I’d think we should wait at least a year before we start comparing statistics, since most (heterosexual) marriages I’m aware of take around that long from proposal to ceremony.

    All that said, I’m not sure supporting civil marriage benefits actually equals “opposing extra-marital sex” — it certainly doesn’t seem to among heterosexuals, all of whom I know are in favor of their own access to civil marriage benefits, but many of whom are also in favor of pre-marital sex.

  • http://www.toddstadler.com/ tODD

    Dr. Veith said:

    But it will be telling to see if homosexuals who now have the right to get married will now take marriage seriously by opposing extra-marital sex.

    Perhaps it will. But then, to truly measure things fairly, you’d want to compare them to heterosexuals, wouldn’t you? After all, heterosexuals aren’t exactly “taking marriage seriously by opposing extra-marital sex” much these days, are they?

    I’d think we should wait at least a year before we start comparing statistics, since most (heterosexual) marriages I’m aware of take around that long from proposal to ceremony.

    All that said, I’m not sure supporting civil marriage benefits actually equals “opposing extra-marital sex” — it certainly doesn’t seem to among heterosexuals, all of whom I know are in favor of their own access to civil marriage benefits, but many of whom are also in favor of pre-marital sex.

  • http://www.toddstadler.com/ tODD

    I’m a little surprised no one has really tackled the actual issue here, preferring simply to distance themselves entirely from the Episcopalian stance on homosexuality and homosexual priests. That is to say, if we take it as a given that the Episcopalians believe what they do, then: is this bishop’s command a good thing or a bad thing?

    Conversely, if we take it as given that nearly everyone commenting so far thinks same-sex sexual activity is sinful, and that unrepentant sinners should not be church leaders, then there is still the question of whether it is better for gays to marry or not. Feel free to consider it only from a purely civic/secular stance.

    But I don’t see a lot of thinking along those lines. Myself, I think it is a good thing, whether you’re thinking of disease transmission or community and social stability. I would much rather have a committed gay couple for neighbors than a house that sees a vast array of extra/pre-marital activities go on, whether straight or gay.

  • http://www.toddstadler.com/ tODD

    I’m a little surprised no one has really tackled the actual issue here, preferring simply to distance themselves entirely from the Episcopalian stance on homosexuality and homosexual priests. That is to say, if we take it as a given that the Episcopalians believe what they do, then: is this bishop’s command a good thing or a bad thing?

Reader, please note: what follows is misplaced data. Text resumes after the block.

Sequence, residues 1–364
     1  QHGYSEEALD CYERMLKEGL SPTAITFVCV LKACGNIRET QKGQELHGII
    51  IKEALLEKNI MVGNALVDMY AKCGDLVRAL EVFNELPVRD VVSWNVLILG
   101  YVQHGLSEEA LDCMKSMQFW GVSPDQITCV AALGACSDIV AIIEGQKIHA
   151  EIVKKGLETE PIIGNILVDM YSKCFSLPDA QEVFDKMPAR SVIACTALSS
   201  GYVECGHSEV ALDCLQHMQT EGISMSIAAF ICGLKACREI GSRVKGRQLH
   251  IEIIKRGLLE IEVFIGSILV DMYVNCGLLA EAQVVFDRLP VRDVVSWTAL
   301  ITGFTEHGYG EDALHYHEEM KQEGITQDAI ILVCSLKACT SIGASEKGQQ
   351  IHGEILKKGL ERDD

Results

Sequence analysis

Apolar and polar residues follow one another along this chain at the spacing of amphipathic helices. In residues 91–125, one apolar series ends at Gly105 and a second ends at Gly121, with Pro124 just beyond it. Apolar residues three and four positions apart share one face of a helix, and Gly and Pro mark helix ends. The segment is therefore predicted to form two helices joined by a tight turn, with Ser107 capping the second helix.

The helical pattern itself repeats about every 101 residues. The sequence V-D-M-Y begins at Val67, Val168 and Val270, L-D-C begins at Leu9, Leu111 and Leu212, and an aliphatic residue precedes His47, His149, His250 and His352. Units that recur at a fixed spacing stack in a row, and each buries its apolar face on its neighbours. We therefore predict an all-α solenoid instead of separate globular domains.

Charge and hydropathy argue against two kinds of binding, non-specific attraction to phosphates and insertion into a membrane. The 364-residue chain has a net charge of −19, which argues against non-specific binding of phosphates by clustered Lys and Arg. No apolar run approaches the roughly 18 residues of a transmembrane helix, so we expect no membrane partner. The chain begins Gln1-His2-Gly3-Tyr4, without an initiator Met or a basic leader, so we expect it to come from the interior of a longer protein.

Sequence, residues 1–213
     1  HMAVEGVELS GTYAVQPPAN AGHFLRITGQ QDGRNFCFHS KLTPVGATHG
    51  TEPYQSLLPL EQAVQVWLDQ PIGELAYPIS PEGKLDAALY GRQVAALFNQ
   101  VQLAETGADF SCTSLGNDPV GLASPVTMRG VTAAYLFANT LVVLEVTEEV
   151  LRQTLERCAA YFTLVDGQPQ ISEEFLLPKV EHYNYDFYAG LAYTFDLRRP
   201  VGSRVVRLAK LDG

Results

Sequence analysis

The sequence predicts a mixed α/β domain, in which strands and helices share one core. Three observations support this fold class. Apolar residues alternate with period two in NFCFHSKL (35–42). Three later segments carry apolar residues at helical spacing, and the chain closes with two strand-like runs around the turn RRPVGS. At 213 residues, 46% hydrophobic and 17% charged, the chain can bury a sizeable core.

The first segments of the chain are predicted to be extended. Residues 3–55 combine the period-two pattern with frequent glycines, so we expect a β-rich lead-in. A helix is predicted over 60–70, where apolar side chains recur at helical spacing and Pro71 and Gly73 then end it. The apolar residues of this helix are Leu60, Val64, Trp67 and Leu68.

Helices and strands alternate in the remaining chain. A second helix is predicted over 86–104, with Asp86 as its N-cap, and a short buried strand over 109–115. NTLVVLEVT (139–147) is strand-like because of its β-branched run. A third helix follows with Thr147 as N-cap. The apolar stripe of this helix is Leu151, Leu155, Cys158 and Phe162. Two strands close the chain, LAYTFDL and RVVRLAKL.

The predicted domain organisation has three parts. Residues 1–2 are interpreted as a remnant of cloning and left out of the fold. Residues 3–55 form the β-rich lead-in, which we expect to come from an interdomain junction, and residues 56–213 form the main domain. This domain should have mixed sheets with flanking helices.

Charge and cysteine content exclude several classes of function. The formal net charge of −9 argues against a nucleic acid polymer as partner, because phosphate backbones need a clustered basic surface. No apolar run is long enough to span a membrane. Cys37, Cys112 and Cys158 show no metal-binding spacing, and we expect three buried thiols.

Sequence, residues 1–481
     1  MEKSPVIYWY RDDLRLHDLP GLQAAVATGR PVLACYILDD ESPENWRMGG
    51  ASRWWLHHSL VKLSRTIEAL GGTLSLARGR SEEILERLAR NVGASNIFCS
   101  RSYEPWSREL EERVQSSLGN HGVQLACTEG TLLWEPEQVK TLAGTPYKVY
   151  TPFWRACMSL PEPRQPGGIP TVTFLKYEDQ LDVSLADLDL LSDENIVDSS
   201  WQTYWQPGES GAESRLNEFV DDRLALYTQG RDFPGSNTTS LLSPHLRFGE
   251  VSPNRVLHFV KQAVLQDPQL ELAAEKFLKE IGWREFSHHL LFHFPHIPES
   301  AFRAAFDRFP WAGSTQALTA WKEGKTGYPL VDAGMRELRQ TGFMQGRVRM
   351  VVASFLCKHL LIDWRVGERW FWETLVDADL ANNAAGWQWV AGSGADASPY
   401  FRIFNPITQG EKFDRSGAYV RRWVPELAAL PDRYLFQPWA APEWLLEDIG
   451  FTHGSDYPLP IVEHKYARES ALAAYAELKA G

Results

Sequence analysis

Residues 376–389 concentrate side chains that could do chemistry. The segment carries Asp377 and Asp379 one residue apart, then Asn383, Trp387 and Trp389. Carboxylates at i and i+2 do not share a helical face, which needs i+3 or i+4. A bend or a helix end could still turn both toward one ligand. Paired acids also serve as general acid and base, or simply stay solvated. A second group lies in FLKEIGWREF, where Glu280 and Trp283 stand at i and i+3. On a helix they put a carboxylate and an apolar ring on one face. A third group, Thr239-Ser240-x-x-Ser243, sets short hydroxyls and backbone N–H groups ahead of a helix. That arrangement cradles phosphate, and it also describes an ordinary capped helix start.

Conversely, if we take it as given that nearly everyone commenting so far thinks same-sex sexual activity is sinful, and that unrepentant sinners should not be church leaders, then there is still the question of whether it is better for gays to marry or not. Feel free to consider it only from a purely civic/secular stance.

    But I don’t see a lot of thinking along those lines. Myself, I think it is a good thing, whether you’re thinking of disease transmission or community and social stability. I would much rather have a committed gay couple for neighbors than a house that sees a vast array of extra/pre-marital activities go on, whether straight or gay.

  • steve

    tODD, #8: Neighbors, certainly. But you seemed to have changed the object between your second and third paragraphs.

  • steve

    tODD, #8: Neighbors, certainly. But you seemed to have changed the object between your second and third paragraphs.

  • steve

    Scratch that. I read too quickly and responded in haste. On the surface, it seems that a person could hold to both positions. As regards religious marriage, however, the problem most people would have to it is that if the church recognizes one type of marriage in one situation, why wouldn’t it recognize that type of marriage in every situation? In that case, it appears the bishop at least acted consistently.

  • steve

    Scratch that. I read too quickly and responded in haste. On the surface, it seems that a person could hold to both positions. As regards religious marriage, however, the problem most people would have to it is that if the church recognizes one type of marriage in one situation, why wouldn’t it recognize that type of marriage in every situation? In that case, it appears the bishop at least acted consistently.

  • http://www.biblegateway.com/versions/Contemporary-English-Version-CEV-Bible/ sg

    Sorry guys, I am howling with laughter.

    You can’t make this stuff up!!

  • http://www.biblegateway.com/versions/Contemporary-English-Version-CEV-Bible/ sg

    Sorry guys, I am howling with laughter.

    You can’t make this stuff up!!

  • Steve P.

    Would it be impolite of me to take it as a given that Episcopalians believe in scripture? How about mere decency?

  • Steve P.

    Would it be impolite of me to take it as a given that Episcopalians believe in scripture? How about mere decency?

  • Steve P.

    It’s very confusing when you talk about gay “marriage” without the scare quotes. I know homosexuals who are married but that’s not what you are talking about.

  • Steve P.

    It’s very confusing when you talk about gay “marriage” without the scare quotes. I know homosexuals who are married but that’s not what you are talking about.

  • http://philipdevine,wordpress.com Phil Devine

    I respect gay clergy who refuse to “marry.” Thy have what they have, and refusing to pretend that it something else shows a certain integrity.

  • http://philipdevine,wordpress.com Phil Devine

    I respect gay clergy who refuse to “marry.” Thy have what they have, and refusing to pretend that it something else shows a certain integrity.